I have just walked this site again and have spotted what appears to be an unlisted pond barrow. I'm aware that these are notoriously difficult to tell from sink holes and the like, but this appears to have a well defined bank surrounding the parts of it which are not near the footpath, which runs very close to it. It is only several hundred yards from the Rainbarrows themselves . Photos to follow, you decide!
These barrows are much easier to see since much of the scrub has been cleared in order to reclaim the area as heathland. This is part of the Thomas Hardy heath project , which aims to re-create the heath of Hardy's youth , which became the fictional Egdon heath in his writings.
The name does not appear to have anything to do with rain but is an Anglicised version of Hraefn or Hraevn meaning raven in Anglo Saxon - see A.D.Mills - Place Names of Dorset.
Three Bronze Age bowl barrows on Duddle Heath. The barrows are between 17m and 25m in diameter and 1.25m-1.6m high. The two most northerly barrows have a hollow in the centre. This possibly marks the sot of the excavations in 1887. This found a cremation burial and three bucket urns containing cremations. The southern most barrow also has a hollow but this probably marks the site of a military observation post. Remains of ditches are visible at various points 2m wide and 0.25m deep. Scheduled.
Three of five barrows on Duddle heath between Thorncombe woods and Puddletown forest . Their visibility depends on wether the forestry commission have been cutting down trees or not . At the moment they can be seen quite well, although photography isn't very good . Situated next to a dogleg in Ackling dyke , the roman road to Badbury rings , access is always possible via the pathways through the forest. Another way to get to this site is to park in Thorncombe woods car park and walk up the roman road , it is well defined and always free of trees as the foresters use it as a natural fire break .I'm not surprised Hardy mentions these barrows as he was born in Higher Bockhampton which is part of Thorncombe woods and about a 1/4 of a mile away from them.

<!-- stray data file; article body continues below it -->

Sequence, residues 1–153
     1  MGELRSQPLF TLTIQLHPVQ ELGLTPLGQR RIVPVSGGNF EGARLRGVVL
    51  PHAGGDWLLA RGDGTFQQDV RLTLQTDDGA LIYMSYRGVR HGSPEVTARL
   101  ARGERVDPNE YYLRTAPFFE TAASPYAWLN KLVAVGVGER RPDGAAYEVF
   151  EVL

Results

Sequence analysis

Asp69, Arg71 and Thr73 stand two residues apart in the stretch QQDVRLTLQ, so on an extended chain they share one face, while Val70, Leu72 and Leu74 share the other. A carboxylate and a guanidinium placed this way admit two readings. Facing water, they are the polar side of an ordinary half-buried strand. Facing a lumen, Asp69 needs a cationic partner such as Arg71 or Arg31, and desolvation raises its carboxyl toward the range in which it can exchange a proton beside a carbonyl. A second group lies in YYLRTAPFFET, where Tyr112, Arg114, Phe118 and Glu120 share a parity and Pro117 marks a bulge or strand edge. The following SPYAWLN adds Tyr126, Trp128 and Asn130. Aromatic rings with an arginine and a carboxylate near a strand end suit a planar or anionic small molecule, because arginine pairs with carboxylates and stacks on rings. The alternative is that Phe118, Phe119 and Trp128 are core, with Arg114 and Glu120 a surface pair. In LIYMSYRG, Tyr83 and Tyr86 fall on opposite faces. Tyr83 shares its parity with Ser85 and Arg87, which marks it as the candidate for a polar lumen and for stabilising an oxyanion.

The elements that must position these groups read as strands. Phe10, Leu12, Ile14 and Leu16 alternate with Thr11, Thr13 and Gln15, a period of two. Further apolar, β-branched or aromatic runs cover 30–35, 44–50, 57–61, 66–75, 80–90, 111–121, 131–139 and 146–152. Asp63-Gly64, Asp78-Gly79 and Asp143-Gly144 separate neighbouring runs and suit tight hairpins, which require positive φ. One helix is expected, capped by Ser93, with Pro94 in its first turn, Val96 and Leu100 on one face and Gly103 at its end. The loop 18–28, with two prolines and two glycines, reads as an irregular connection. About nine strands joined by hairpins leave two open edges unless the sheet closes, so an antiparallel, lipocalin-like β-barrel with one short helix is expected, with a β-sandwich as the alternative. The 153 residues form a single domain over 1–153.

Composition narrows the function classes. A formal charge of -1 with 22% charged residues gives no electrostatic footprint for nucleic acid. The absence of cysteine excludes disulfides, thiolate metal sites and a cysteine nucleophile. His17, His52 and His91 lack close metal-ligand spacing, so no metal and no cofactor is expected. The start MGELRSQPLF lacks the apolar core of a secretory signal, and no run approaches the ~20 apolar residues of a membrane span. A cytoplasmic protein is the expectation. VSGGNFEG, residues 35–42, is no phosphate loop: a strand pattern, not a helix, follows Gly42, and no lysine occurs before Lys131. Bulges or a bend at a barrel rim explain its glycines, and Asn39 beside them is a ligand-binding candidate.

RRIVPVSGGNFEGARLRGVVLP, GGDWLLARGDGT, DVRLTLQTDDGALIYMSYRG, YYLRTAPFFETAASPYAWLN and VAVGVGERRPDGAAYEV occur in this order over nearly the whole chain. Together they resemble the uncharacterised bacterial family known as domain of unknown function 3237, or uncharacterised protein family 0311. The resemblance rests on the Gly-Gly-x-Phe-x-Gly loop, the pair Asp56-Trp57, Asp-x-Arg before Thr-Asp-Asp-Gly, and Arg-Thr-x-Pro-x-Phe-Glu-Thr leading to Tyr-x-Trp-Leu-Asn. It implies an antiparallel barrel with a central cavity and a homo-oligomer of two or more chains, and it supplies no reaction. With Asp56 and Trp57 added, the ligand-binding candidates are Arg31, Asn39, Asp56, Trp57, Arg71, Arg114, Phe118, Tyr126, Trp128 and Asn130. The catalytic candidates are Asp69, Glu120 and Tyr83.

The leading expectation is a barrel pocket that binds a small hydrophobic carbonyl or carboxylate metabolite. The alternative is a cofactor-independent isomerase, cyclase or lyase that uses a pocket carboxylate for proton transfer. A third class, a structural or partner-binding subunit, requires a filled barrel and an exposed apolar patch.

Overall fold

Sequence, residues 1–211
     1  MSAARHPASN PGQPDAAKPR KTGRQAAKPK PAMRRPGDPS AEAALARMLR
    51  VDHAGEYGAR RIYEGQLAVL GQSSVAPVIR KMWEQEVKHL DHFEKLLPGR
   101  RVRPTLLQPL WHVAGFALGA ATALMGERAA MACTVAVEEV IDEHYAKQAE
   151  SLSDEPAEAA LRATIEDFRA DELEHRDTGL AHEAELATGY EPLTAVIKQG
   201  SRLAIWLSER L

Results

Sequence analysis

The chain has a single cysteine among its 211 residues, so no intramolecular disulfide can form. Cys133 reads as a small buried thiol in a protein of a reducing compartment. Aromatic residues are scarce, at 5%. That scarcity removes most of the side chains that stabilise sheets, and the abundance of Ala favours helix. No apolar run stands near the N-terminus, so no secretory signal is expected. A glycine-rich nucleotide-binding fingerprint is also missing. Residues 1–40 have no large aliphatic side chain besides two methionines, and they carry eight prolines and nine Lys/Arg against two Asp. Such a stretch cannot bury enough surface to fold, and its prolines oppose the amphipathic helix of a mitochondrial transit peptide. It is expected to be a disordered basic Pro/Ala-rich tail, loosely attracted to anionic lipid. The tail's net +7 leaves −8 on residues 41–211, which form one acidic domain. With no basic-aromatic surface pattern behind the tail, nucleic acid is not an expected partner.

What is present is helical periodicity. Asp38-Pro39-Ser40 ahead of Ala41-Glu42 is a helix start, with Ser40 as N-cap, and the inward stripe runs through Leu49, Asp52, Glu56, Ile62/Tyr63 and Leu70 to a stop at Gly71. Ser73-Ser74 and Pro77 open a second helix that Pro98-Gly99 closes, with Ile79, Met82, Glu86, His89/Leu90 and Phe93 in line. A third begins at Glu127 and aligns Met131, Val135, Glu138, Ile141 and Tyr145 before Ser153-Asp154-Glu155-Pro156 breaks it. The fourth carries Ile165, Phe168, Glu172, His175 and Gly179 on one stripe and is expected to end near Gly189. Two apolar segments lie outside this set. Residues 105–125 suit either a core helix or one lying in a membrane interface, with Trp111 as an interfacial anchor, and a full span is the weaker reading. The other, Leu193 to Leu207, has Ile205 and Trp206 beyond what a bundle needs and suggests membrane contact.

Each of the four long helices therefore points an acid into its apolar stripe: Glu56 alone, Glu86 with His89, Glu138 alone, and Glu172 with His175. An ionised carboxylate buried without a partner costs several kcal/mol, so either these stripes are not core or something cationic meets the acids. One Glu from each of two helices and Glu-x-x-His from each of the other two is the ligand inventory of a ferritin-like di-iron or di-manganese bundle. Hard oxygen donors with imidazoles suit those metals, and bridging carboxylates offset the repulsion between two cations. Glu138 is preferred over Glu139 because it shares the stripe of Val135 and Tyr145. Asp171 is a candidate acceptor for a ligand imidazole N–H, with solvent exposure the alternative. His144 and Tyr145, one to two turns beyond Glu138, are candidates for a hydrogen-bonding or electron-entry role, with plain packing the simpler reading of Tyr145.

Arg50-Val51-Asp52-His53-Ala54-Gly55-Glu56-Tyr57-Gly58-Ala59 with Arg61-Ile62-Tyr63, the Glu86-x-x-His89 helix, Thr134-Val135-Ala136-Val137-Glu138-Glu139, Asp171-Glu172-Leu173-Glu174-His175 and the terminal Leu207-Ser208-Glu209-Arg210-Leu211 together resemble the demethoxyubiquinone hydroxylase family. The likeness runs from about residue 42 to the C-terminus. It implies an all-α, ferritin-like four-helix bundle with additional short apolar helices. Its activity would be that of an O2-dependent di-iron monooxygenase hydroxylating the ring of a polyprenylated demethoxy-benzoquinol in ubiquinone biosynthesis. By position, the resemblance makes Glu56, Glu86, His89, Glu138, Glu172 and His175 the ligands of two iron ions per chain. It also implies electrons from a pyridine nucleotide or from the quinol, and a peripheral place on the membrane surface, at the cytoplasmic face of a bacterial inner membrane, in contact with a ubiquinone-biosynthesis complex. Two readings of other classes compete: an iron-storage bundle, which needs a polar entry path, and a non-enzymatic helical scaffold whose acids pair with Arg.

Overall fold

There is one barrow in this set of five which can be seen very well at the moment as the horrible pine trees have been removed from it.
These barrows were excavated by Edward Cunnington in the 1880s: he found some urns containing cremations, which are now in the Dorset County Museum.
They also star in Thomas Hardy's 'Return of the Native' as a crucial meeting point for the characters. At one point the locals build a beacon fire on top of one:
...a pyramid of furze thirty feet in circumference now occupied the crown of the tumulus, which was known as Rainbarrow for many miles round... Perhaps as many as thirty bonfires could be counted within the whole bounds of the district; and as the hour may be told on a clock-face when the figures themselves are invisible, so did the men recognize the locality of each fire by its angle and direction, though nothing of the scenery could be viewed...
The first tall flame from Rainbarrow sprang into the sky, attracting all eyes that had been fixed on the distant conflagrations back to their own attempt in the same kind. The cheerful blaze streaked the inner surface of the human circle—now increased by other stragglers, male and female—with its own gold livery, and even overlaid the dark turf around with a lively luminousness, which softened off into obscurity where the barrow rounded downwards out of sight. It showed the barrow to be the segment of a globe, as perfect as on the day when it was thrown up, even the little ditch remaining from which the earth was dug. Not a plough had ever disturbed a grain of that stubborn soil. In the heath's barrenness to the farmer lay its fertility to the historian. There had been no obliteration, because there had been no tending.
The name 'Rainbarrows' hints at more associations: is it that if you dig into them it will rain? (a frequent enough motif)